@jookia @koz_ross @SapphireDrew one other alternative to Owncast could be PeerTube live streaming. Because of the P2P nature, it could save you some bandwidth as the load would be shared between all the viewers. However, I didn't test with a big number of viewers. The drawback is that there is no official chat plugin.

I am using OwnCast in a very cheap server, but with no more than 10 viewers a time and it is usable, but I am not a frequent streamer, so the bandwidth costs doesn't affect me.

@rennerocha @jookia @koz_ross Hmm... that definitely seems more useful with medium to large audiences. Honestly, I average around 10 to 20 myself, but I've had viewership spikes from raids up to a little over 100 which is why I'm setting such a high target spec to cover for that growth. Also, streaming is my only source of income besides social security so the more I can stream, the better.

The social aspect is what makes it so much fun though, so hopefully PT can implement chat eventually.

@SapphireDrew Now to be fair, this is going to happen with ANY streaming service. You can't get around with the fact you have to take in some amount of data and multiply it to viewers.

I'm guessing this is what the Owncast developer doesn't want to tell you, and maybe what they mean by 'this isn't for Twitch streamers'.


@SapphireDrew That said, Owncast could fill a niche for small private streams or irregular streams that don't fit in Twitch ToS (ie, nudity or sex work) but it just doesn't seem to really want to do that. So it's unclear what it's scope is.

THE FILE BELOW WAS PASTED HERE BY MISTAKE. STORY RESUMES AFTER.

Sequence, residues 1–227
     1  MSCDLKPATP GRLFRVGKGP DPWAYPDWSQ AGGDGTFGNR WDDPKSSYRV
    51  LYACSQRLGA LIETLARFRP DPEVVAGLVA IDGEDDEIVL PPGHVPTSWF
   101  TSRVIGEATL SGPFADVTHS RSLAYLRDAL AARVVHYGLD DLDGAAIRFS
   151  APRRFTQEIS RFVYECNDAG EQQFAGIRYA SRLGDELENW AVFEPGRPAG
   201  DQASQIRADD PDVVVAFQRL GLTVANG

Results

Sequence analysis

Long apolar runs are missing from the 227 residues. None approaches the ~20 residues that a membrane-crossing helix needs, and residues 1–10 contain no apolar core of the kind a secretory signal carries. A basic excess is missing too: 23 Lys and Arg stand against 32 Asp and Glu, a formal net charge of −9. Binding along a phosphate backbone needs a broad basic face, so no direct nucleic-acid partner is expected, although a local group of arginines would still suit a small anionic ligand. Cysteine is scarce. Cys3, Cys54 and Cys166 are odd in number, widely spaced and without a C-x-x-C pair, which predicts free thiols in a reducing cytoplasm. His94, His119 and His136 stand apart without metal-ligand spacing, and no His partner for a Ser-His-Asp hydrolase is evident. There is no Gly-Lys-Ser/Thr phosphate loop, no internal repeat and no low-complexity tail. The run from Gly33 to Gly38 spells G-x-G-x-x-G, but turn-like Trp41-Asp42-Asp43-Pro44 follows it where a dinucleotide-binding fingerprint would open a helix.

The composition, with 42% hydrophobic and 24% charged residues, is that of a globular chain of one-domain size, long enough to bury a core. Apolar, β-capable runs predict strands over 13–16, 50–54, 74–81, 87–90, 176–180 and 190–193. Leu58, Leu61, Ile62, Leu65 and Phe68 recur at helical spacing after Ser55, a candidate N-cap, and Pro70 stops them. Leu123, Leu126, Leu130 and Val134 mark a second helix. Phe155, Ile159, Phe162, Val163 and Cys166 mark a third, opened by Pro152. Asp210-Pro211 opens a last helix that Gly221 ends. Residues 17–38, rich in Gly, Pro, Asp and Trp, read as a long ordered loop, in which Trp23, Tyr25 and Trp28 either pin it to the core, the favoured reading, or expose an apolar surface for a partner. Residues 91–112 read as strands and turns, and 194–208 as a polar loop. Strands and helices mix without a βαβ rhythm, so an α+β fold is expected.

The vibe I get is that Owncast is a solution to a technical problem that ignores all the socioeconomic issues involved. So techbro stuff? I dunno. Maybe it should be put on a blockchain, that usually helps solve these things.

Ok I'm done, sorry for rant

@jookia @SapphireDrew That feeling when two critics give more meaningful and useful answers than the project itself.

@jookia No need to apologize, I appreciate the information.

Right now I only stream weekly, but I tend to do bonus streams too, so the hamsters in my brain were crunching what you said with my number... 5000 kbps x 6 ~ 10 hr streams x 3 streams per week x 4 weeks x 10 ~ 100 viewers (Honestly I only average around 10 to 20 mostly lurkers, but I have friends who are Partner that have raided me with 100+ viewers so I like to be prepared plus who doesn't want to grow their audience)...